Trinity and Identity: Sexuality

In this series, Trinity Life Editor Úna Harty attempts to bridge the gap between Trinity students and their relationship with different aspects of their lives.


Sexuality is possibly one of the most complex aspects of the human race. It underpins a large part of how we interact with our peers and can significantly contribute to a person’s well-being; from personality traits to lifestyle choices.

At third level education, our individual awareness of sexuality is heightened as we reach adulthood and are left, once and for all, to fend for ourselves. Studies prove that the average human thinks about sexuality and all that it encompasses just as often as we think about food.

That considered, why are we often reserved when it comes to opening up about it? I sat down with several Trinity students over the course of a week to hear their views on sexuality and its place within the college community.


Experimentation with sexuality is a side dish served to many at some point in their college life. Arguably a product of pop culture, the combination of living away from home, the company of people our own age, and indeed alcohol, is a trail that often leads to experimentation. In addition, heightened hormones are certainly a contributing factor when it comes to curiosity.

Is there a pressure then to experiment with one’s sexuality whilst attending a third level institution? Would someone be deemed ‘boring’ if experimentation is bypassed? Some believe Trinity provides that necessary safe and comfortable space to explore one’s sexuality. However, others disagreed after drawing on their own personal experiences.

One student in particular spoke to me about how she had never once felt like she had that pressure placed upon her, and felt wholly confident in her sexuality from a young age. She furthered this by stating that in identifying as heterosexual, this likely contributed to such confidence and comfort regarding her sexual identity.

Meanwhile those interviewed who identify on the LGBTQIA+ spectrum expressed that college provides them with a fresh platform, much different from any they’d previously experienced. They were able to discover who they really were, and were openly grateful for that. They found themselves in social circles which provided them with a safe space that is typically required in taking that first step when wading through the queer water.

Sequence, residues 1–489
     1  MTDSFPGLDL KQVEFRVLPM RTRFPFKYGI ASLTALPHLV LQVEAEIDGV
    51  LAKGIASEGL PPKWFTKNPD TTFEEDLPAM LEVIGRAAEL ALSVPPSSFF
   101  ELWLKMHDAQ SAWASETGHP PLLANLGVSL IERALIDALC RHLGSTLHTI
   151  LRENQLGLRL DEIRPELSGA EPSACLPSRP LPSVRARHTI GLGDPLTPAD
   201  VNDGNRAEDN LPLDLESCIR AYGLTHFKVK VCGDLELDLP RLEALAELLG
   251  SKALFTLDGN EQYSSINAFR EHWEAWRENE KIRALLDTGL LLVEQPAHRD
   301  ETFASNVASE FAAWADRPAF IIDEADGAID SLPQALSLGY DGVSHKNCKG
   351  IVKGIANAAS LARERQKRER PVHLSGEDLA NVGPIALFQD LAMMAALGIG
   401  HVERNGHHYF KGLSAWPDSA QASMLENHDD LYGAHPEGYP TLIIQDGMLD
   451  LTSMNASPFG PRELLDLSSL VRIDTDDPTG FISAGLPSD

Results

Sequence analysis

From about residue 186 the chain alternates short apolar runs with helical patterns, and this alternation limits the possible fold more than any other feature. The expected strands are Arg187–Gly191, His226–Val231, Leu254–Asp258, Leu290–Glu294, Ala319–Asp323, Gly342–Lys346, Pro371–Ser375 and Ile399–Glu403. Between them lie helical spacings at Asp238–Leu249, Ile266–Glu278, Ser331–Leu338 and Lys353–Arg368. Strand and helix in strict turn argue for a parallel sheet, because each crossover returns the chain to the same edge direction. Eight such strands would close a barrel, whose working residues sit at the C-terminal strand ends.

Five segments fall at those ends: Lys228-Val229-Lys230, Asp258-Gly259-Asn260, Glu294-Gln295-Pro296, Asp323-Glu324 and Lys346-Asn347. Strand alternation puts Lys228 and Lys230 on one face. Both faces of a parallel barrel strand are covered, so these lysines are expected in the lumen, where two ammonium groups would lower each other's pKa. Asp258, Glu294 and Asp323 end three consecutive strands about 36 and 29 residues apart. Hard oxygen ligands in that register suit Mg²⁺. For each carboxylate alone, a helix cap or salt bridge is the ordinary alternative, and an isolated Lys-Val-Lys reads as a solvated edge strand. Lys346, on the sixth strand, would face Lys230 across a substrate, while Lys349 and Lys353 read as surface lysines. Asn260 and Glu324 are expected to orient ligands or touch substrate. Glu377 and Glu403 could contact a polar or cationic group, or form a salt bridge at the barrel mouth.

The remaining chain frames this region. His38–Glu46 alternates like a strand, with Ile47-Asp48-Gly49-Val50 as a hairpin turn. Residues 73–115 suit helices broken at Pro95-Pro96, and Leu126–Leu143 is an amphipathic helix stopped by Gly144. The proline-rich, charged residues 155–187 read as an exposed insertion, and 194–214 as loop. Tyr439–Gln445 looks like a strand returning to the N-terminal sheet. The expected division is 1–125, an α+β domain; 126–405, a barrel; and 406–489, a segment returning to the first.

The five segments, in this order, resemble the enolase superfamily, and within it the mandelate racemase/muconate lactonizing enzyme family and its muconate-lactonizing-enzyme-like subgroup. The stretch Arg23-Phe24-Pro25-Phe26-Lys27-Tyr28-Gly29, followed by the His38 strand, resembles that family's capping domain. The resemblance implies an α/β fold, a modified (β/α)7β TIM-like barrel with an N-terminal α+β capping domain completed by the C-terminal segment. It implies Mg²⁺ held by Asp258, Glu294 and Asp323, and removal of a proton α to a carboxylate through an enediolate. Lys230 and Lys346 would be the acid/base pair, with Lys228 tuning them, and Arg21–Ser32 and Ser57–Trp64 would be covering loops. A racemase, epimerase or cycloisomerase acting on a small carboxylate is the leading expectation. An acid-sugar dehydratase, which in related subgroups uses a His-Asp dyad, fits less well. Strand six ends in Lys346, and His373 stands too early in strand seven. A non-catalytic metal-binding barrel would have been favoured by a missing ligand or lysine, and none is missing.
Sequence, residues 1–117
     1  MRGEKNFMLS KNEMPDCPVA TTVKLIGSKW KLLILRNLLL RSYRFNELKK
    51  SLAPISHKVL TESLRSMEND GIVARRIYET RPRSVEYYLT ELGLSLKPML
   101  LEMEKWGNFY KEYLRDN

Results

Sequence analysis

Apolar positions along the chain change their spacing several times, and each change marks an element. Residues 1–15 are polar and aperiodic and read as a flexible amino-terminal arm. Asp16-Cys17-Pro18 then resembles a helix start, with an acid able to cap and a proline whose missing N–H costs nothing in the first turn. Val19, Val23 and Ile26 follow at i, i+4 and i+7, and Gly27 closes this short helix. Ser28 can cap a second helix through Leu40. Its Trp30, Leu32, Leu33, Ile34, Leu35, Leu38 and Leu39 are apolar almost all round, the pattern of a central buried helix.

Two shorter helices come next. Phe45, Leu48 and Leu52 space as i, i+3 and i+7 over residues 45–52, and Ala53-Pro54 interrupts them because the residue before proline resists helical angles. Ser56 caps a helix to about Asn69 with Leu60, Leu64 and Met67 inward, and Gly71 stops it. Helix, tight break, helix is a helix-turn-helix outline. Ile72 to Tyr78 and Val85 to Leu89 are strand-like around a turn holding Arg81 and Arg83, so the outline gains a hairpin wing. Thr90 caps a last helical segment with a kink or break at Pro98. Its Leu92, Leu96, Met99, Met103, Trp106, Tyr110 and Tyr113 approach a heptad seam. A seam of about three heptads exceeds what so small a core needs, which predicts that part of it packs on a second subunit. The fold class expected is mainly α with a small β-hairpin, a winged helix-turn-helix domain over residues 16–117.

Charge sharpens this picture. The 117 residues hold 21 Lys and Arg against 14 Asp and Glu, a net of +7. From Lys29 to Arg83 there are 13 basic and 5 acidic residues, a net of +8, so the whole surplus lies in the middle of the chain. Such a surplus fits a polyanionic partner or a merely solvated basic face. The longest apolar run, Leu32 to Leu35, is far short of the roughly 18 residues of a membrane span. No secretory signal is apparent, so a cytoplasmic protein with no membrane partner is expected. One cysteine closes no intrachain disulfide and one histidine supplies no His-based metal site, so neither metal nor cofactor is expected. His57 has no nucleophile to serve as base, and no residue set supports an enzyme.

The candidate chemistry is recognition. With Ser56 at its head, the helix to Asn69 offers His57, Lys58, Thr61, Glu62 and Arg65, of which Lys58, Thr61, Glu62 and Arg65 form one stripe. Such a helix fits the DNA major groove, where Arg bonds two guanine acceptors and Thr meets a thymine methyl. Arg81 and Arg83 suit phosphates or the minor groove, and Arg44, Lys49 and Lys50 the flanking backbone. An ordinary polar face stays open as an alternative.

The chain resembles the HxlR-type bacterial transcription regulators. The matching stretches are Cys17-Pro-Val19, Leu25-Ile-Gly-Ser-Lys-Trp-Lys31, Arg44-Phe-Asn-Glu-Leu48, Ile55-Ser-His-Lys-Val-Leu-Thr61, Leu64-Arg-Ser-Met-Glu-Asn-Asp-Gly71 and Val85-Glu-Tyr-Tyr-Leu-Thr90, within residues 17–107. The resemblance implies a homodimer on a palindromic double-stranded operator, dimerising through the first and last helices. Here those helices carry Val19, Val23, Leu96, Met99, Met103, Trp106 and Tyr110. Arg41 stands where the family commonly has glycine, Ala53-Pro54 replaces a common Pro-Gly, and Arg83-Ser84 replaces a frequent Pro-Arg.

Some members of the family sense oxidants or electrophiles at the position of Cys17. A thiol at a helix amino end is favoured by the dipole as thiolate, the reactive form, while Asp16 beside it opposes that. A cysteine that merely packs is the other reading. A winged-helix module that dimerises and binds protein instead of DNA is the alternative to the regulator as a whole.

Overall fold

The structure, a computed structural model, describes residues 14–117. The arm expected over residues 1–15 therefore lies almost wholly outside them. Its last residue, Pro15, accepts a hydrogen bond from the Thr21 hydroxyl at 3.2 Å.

“There also is the danger of eroticising experimentation. Those who actively engage in experimentation with their sexuality, be it by having a threesome or becoming intimate with someone of the same sex, are frequently subjected eroticism by others.”

We must ask ourselves if Trinity students, however indirectly, associate heterosexuality with conservatism? If so, could this damage our students’ views of hetersexuality? We are indeed privileged to attend a college within which there is an indispensable opportunity to express our sexuality with pride and confidence, and yet oftentimes we find ourselves putting those who identify as heterosexual down for their sexual preference. If there exists an association of liberal politics with being cool and conservatism with being the opposite, is heterosexuality therefore considered uncool by default?

There also is the danger of eroticising experimentation. Those who actively engage in experimentation with their sexuality, be it by having a threesome or becoming intimate with someone of the same sex, are frequently subjected eroticism by others. This is particularly common for female couples, who are rarely surprised find themselves being approached by men asking if they can “join in”. This can evoke an air of both caution and hesitancy for queer couples, with the repression of public displays of affection on their part resulting.